Even when clinicians and scientists in low- and middle-income countries are able to conduct mental health research, they often find it difficult to publish their findings in prestigious, widely circulating international medical journals. Researchers from developing countries often struggle to meet the requirements of indexed journals because of lack of access to information, lack of guidance in research design and statistical analysis, and difficulty communicating in foreign languages. Researchers in developing countries often work in research centers or universities that are not considered “prestigious” on an international scale and may not garner the attention of international journals. Editors may be more likely to give serious consideration to submissions from authors at big-name universities. Another serious problem with publication of research from developing countries in prestigious medical and scientific journals is the language barrier, with most top journals being English-language. Procuring better translation services for scientists in developing countries could be key in overcoming the dearth of publications from these areas of the world.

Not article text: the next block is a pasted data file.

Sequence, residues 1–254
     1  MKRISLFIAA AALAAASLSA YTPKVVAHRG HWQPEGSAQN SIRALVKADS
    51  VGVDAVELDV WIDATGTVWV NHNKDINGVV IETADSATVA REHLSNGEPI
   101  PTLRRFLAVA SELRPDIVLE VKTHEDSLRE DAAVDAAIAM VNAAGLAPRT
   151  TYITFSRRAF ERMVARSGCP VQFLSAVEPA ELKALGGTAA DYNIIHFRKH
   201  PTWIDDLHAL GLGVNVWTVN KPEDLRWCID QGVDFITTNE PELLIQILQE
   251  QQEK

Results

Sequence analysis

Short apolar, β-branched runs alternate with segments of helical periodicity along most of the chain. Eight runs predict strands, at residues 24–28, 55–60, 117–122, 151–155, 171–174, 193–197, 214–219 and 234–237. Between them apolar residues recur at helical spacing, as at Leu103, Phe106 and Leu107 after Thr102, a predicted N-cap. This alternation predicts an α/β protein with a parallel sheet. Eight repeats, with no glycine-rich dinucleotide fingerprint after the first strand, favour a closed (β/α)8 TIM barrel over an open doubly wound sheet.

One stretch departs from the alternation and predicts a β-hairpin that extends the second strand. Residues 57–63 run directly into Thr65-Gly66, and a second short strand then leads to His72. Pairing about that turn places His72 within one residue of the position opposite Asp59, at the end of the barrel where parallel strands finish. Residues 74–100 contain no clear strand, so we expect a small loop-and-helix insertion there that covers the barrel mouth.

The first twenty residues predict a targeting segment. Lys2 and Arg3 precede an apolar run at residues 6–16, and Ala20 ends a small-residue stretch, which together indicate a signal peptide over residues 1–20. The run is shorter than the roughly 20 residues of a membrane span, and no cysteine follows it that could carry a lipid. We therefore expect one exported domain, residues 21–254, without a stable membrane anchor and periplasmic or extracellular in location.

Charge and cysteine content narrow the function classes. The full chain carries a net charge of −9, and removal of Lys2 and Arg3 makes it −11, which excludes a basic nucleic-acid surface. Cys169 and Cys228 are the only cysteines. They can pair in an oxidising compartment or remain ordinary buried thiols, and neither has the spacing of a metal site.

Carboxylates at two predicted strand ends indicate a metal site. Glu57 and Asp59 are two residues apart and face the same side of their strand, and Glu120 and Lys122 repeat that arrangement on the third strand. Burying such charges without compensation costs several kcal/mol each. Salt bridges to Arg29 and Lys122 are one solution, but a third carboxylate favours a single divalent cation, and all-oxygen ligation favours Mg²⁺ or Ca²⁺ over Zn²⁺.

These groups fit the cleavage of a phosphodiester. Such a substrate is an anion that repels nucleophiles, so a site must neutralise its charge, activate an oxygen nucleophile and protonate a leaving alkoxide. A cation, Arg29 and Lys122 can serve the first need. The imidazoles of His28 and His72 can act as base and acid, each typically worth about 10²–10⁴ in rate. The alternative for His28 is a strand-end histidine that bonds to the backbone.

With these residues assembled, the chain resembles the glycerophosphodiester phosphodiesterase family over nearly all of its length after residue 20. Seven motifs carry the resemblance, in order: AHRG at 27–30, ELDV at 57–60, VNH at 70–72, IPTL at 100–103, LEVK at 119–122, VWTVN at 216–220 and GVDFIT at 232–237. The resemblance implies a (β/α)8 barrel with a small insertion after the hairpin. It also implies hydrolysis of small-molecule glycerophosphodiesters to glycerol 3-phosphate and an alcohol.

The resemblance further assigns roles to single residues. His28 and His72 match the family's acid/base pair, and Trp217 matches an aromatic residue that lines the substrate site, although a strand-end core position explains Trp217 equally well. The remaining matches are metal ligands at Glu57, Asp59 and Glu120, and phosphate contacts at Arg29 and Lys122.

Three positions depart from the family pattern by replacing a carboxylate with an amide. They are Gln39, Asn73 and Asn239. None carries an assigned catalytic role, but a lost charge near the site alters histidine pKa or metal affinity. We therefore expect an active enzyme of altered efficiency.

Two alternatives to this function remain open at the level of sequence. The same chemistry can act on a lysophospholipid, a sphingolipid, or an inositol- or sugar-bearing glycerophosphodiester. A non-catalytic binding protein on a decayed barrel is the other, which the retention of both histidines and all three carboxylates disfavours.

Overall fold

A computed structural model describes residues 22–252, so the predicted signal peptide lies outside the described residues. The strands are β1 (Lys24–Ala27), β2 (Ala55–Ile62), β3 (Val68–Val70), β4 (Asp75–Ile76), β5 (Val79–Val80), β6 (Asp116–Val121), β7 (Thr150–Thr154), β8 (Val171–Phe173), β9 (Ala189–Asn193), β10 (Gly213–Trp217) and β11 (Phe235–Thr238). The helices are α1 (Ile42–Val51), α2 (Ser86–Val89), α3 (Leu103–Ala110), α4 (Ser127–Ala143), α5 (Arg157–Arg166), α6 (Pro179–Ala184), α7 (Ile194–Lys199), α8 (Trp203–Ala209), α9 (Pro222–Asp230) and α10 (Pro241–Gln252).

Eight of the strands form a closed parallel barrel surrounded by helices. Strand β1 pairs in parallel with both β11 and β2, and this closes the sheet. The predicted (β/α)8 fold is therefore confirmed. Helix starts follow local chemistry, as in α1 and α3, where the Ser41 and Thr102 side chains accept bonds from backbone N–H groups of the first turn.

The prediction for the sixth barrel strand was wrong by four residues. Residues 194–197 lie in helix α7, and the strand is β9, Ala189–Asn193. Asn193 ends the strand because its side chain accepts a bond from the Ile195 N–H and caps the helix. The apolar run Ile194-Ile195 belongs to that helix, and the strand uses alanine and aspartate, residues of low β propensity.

Policymakers and providers in developing countries may also struggle to learn about findings published in expensive journals for which their institutions cannot afford subscriptions. Open access policies represent one way to alleviate some of the problems mental health researchers in developing countries confront. Free access to a wider body of research published in highly-regarded journals could vastly improve mental health research in developing countries and help researchers attract the attention of these high-level journals.

Mental health interventions that truly help communities in low- and middle-income countries cannot succeed if data on epidemiology of mental disorders, current problems in the delivery of healthcare services, and evidence-based solutions are not available. A survey of mental health research priorities in low- and middle-income countries in 2009 found that stakeholders and researchers ranked three types of research as most important: epidemiological studies of burden and risk factors, health systems research, and social sciences research. Researchers and stakeholders agreed that attending to the growing problems of depression, anxiety, and substance abuse disorders, among other frequently occurring mental disorders, was dependent on procuring better resources for research.

Improving service gaps in mental healthcare is vital, especially in light of a growing epidemic of mental illness globally. But this work cannot be done without more research to identify the problems and evidence-based solutions that will help bring mental healthcare to all those in need.